ROME – It is true that in professional football you get sick more and much earlier than amyotrophic lateral sclerosis (ALS). The players, in fact, develop the disease 2 times more than the general population. In series A the risk goes up 6 times.
SLA hits Serie A players six times more
These, in summary, are the conclusions of an in-depth epidemiological study conducted by Ettore Beghi and Elisabetta Pupillo, both researchers of the Mario Negri IRCCS Institute for Pharmacological Research, in collaboration with Letizia Mazzini of the Novara University Hospital and with Nicola Vanacore of the 'Istituto Superiore di Sanità, which will be presented in Philadelphia at the annual meeting of the American Academy of Neurology.
The research started with an examination of the names of the players in the Panini sticker collections, starting from the 1959-1960 season up to that of 1999-2000, in which 23,875 Serie A, B and C players were involved, followed up to 2018 by the researchers of the Mario Negri Institute. In the period considered by the study, 32 cases of ALS were ascertained. The most affected are the midfielders: 14; more than double the attackers: 6; while the defenders were 9 and the goalkeepers 3. "What our research confirms – Beghi explains – is that the risk of ALS among former footballers is about 2 times higher than that of the general population. Analyzing the A series, the risk rises even 6 times, but the real novelty consists in having highlighted that the players get sick with ALS at a younger age than those who have not played soccer. The onset of the disease among football players is around 43.3 years while that of the general population in Italy is 65.2 years ".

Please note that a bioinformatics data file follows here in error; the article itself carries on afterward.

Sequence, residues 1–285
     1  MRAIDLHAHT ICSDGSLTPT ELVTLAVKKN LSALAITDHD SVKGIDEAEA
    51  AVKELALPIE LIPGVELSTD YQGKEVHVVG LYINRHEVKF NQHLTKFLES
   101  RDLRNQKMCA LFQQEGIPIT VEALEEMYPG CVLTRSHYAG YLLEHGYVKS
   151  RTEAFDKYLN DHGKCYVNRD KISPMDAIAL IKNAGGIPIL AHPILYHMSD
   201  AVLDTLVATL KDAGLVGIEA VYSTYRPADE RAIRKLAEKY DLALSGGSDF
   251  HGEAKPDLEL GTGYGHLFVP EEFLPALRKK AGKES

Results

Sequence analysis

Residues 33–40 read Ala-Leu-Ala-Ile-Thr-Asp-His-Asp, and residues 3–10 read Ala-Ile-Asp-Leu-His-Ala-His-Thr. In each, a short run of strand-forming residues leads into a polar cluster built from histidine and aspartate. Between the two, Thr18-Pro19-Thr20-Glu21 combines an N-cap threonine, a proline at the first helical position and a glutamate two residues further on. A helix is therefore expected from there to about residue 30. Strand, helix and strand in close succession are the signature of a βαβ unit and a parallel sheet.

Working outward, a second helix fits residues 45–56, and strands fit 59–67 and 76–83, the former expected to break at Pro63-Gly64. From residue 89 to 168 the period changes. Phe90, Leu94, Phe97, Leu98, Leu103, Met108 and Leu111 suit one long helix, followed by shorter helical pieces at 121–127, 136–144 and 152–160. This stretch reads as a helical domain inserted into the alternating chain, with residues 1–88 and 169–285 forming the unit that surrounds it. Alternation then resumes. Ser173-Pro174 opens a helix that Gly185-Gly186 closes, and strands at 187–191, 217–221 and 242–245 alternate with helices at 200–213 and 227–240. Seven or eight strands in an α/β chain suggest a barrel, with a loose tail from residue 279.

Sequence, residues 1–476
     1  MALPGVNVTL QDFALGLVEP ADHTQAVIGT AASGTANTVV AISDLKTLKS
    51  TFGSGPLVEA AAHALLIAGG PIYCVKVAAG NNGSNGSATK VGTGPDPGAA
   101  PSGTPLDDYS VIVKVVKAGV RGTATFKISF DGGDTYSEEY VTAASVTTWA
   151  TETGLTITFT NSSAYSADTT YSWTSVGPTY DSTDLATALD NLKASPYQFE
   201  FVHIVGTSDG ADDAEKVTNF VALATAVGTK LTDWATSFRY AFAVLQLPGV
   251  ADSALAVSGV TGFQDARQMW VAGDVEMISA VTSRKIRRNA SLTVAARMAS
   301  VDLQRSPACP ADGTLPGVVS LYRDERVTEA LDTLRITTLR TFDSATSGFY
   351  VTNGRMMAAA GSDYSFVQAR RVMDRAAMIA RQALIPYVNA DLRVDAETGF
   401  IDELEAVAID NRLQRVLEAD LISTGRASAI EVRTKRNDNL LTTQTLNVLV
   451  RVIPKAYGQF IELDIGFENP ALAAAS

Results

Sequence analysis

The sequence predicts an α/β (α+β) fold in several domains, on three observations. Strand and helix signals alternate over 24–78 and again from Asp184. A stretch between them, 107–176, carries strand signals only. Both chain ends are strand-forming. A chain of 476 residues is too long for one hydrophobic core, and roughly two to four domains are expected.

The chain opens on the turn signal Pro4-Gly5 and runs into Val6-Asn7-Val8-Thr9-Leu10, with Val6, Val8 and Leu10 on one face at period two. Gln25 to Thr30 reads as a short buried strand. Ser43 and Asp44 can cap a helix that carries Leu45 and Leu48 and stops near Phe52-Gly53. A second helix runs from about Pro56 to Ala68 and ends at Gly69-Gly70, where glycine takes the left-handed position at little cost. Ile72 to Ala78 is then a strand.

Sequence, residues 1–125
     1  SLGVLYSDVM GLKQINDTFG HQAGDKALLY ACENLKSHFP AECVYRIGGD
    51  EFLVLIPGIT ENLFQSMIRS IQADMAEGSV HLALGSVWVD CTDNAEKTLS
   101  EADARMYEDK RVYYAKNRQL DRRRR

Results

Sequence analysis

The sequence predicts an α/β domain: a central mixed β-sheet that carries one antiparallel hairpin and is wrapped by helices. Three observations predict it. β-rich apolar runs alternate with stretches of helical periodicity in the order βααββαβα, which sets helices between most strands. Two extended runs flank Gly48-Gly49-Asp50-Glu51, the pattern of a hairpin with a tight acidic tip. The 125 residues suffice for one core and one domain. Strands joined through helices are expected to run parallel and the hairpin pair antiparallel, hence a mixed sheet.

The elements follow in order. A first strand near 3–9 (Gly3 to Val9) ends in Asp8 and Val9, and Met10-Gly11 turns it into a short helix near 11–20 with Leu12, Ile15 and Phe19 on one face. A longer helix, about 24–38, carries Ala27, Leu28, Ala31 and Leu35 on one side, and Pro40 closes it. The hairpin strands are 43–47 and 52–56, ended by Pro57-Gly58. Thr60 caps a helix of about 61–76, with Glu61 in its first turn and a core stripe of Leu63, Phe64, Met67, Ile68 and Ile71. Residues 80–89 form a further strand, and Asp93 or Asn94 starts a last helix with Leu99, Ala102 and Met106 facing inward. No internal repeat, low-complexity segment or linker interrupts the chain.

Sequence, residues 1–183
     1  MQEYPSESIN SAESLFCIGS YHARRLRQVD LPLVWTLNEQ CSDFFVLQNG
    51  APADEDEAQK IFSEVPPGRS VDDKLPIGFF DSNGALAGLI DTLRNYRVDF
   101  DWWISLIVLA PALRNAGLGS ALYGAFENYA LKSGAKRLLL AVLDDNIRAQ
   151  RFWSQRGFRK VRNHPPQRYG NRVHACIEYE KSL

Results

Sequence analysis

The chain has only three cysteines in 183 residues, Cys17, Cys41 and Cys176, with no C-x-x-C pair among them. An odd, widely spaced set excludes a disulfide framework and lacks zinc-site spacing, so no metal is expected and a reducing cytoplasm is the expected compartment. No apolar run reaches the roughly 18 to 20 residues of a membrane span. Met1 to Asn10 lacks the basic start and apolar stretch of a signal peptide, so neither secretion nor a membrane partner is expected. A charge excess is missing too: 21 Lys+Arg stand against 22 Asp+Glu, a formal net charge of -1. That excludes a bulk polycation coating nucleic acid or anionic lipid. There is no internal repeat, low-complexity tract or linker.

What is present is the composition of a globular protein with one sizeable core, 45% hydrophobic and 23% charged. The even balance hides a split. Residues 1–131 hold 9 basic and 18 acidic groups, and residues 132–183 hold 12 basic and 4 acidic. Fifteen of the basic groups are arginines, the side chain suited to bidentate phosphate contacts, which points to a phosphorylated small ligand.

Pupillo comments: "So we are faced with an early onset of 22 years in the case of footballers, so not only do they get sick more, but they contract the disease at an earlier age than those who have not played football. Furthermore, the data may not be definitive because some cases may have escaped journalistic and legal investigations, the main sources of our information ".
Damiano Tommasi, president of the Italian Footballers' Association and former Roma and National midfielder, on the collaboration with the Mario Negri Institute, adds: "The research data, and not the first time, highlight this connection between football and SLA that on the one hand it worries and on the other it invites us to pay attention to any initiative that can help us learn more. The hope is that through research solutions can be given to the many people affected by this terrible disease ".
The SLA article hits Serie A players six times more, a study reveals it appears to be the first on Blitz daily .
Source: Blitz Quotidiano